In the last post I looked at how to validate a user input column value. In this post, I look at how to manipulate a calculated column to skip the weekends. This validation for a calculated column requires a different technique than last time. A calculated column does not have a column validation option. Rather, I must test for and adapt to different data conditions directly inside the formula for the calculated column using functions to test for valid values. As an example, suppose I created a SharePoint list to track CDs or DVDs from a borrowing library. This is a case in which I could ask the user to enter the date they borrowed the CD (or I can simply use a default value of [TODAY]. Then if I have a lending policy that lets the user borrow the CD for 5 days, I can let the list calculate the due date using a calculated column to add the lending period to the borrowed date. If my borrowing library is open 7 days a week and the standard loan period is 7 days, I could use a calculated formula as simple as:
= [Borrow Date] + 7
This formula calculates the due date by adding 7 days to the borrowed date. But what if my library was not open on weekends. Further, what if the lending period was only 5 days. Therefore, if you borrow a CD on a Friday, it would be due the following Wednesday. On the other hand, if you borrow a CD on a Monday, it would in theory be due back on Saturday, a day on which the library is closed. I might either make the due date the Friday before the Saturday or Sunday, or I could be generous and make the due date the Monday after the Saturday or Sunday.
In this case, I need a slightly more complex formula to calculate the due date to account for weekends. I’ve solved this problem by using a combination of the WEEKDAY() function which I used in the last post in the column validation example and the IF() function. I need to test whether the calculated due date falls on a Saturday and if so, add two more days to the lending period to make the CD due on Monday. On the other hand, if the due date falls on a Sunday, I only need to add a single additional day. I can achieve both results by using a nested IF() function that tests for both conditions as shown in the figure below. Note that if both tests fail, the due date remains just 5 days away.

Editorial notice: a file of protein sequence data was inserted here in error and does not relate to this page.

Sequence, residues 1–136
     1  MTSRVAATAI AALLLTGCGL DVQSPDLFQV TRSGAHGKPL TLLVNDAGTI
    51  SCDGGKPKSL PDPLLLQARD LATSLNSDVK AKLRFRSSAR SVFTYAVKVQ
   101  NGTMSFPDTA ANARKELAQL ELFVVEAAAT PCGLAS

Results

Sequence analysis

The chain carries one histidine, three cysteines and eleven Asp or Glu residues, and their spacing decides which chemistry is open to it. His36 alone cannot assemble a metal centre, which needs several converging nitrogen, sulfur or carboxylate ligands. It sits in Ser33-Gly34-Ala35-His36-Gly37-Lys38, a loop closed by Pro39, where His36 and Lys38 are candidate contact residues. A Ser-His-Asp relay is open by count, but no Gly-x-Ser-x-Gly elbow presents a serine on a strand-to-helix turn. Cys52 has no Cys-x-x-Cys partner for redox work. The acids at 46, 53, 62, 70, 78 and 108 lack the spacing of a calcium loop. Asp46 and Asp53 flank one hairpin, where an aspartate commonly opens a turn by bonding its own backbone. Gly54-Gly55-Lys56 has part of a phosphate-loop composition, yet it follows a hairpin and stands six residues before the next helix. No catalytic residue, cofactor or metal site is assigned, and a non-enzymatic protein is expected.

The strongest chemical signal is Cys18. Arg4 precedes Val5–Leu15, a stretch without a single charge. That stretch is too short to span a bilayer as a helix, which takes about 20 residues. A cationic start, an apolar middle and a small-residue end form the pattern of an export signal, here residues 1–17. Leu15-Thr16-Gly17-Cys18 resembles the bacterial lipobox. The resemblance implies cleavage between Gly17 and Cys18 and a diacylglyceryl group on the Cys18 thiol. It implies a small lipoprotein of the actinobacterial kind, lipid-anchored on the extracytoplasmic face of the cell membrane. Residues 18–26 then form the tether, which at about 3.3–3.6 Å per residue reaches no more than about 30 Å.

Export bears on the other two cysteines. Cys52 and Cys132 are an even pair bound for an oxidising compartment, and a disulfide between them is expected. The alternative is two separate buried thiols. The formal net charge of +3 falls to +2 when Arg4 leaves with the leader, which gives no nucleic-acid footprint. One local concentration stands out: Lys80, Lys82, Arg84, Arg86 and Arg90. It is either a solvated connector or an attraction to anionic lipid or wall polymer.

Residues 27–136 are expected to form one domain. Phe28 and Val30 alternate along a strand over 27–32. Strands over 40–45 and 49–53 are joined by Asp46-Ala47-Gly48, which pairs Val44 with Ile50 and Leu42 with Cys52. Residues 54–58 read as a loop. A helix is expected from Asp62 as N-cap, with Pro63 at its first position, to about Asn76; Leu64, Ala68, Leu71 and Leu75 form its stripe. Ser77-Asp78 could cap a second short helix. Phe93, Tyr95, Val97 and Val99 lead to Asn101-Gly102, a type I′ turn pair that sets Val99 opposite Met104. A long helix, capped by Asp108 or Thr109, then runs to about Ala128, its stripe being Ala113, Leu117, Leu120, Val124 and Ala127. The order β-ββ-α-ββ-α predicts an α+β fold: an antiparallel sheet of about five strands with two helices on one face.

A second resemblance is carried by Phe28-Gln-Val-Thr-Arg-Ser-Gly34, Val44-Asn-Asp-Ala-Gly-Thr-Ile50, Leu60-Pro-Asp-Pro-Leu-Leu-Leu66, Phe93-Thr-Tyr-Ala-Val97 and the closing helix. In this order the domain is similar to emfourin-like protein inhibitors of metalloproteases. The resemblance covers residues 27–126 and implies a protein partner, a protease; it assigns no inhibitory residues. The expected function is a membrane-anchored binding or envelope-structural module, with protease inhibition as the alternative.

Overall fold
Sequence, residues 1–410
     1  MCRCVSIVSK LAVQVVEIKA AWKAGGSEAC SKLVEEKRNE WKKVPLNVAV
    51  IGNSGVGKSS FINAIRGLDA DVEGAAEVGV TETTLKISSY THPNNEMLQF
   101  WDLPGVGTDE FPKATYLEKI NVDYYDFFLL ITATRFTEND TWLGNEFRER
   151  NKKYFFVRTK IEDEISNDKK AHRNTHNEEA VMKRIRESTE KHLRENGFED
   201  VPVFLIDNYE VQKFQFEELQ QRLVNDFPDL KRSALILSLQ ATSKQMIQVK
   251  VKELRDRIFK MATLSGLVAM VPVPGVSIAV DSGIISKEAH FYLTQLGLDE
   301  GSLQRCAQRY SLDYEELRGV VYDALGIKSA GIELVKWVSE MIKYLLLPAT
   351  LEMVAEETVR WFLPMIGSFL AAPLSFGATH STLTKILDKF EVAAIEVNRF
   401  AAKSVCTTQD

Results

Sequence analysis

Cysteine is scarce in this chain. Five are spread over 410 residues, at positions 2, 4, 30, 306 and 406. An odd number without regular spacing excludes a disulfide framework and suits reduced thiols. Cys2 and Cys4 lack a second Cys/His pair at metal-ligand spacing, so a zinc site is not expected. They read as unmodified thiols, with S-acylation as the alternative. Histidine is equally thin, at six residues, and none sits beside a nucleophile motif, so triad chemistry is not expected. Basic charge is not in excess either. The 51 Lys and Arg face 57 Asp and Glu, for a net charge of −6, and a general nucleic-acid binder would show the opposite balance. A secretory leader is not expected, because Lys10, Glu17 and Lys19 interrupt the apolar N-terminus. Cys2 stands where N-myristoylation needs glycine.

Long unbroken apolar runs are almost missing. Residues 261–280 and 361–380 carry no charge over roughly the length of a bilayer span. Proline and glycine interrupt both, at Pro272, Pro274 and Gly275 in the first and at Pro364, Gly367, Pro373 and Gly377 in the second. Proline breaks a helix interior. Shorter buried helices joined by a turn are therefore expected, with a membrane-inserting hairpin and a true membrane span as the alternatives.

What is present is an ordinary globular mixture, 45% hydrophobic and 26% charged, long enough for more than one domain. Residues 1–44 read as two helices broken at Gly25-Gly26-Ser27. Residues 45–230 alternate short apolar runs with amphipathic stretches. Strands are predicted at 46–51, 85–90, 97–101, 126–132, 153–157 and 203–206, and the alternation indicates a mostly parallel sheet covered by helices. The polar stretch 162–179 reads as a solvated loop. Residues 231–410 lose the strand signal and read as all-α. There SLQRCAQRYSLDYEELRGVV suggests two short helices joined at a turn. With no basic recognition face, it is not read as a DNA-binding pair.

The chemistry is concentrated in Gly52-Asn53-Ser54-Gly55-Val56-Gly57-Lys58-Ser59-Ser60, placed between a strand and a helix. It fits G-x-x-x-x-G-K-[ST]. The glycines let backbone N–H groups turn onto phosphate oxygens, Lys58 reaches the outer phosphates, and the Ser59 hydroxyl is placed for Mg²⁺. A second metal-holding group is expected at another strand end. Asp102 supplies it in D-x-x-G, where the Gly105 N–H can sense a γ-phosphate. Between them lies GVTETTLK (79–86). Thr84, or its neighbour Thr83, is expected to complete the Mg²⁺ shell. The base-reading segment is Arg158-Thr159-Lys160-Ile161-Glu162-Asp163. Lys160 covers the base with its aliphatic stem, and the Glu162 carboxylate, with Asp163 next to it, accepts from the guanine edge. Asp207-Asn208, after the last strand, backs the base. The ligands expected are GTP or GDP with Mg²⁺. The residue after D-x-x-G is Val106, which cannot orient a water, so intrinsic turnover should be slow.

After saving the formula for the calculated column, I can now test different borrow days. I can still include the formula from last time to make sure that the user does not borrow a book on a Saturday or Sunday as shown below.
However, if I enter a valid date such as April 4th, 2014, SharePoint calculates the due date as April 9th, just 5 days away as I would expect.
If on the other hand I borrow a CD on a Monday like April 7th, 2014, it would be due 5 days later on Saturday, April 12th. Since this is a Saturday, the formula in the calculated field adds two more days to the actual due date to make the cd due on April 14th.
In fact, you can see in the following image that different borrow dates would calculate the due date as 5 days out if that date is a weekday, but would extend the loan period one or two additional days if the initial due date calculates to a Sunday or Saturday respectively to make the new due date a Monday.
I hope these two posts give you a better idea of how to use both the column validation feature for values directly entered into columns by the user and the calculated formula feature for calculated columns to manage calculated results.
C’ya next time.